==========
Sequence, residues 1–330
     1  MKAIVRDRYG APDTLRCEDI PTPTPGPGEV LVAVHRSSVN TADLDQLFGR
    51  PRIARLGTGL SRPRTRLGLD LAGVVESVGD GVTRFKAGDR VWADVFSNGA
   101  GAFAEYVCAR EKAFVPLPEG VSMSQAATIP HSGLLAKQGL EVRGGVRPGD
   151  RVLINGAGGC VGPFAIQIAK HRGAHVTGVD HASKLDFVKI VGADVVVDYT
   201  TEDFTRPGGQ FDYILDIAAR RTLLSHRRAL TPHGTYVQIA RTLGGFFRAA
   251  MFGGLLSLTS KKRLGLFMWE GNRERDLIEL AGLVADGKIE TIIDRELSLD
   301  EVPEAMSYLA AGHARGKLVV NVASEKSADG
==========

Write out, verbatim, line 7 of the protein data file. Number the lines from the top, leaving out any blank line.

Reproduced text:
   251  MFGGLLSLTS KKRLGLFMWE GNRERDLIEL AGLVADGKIE TIIDRELSLD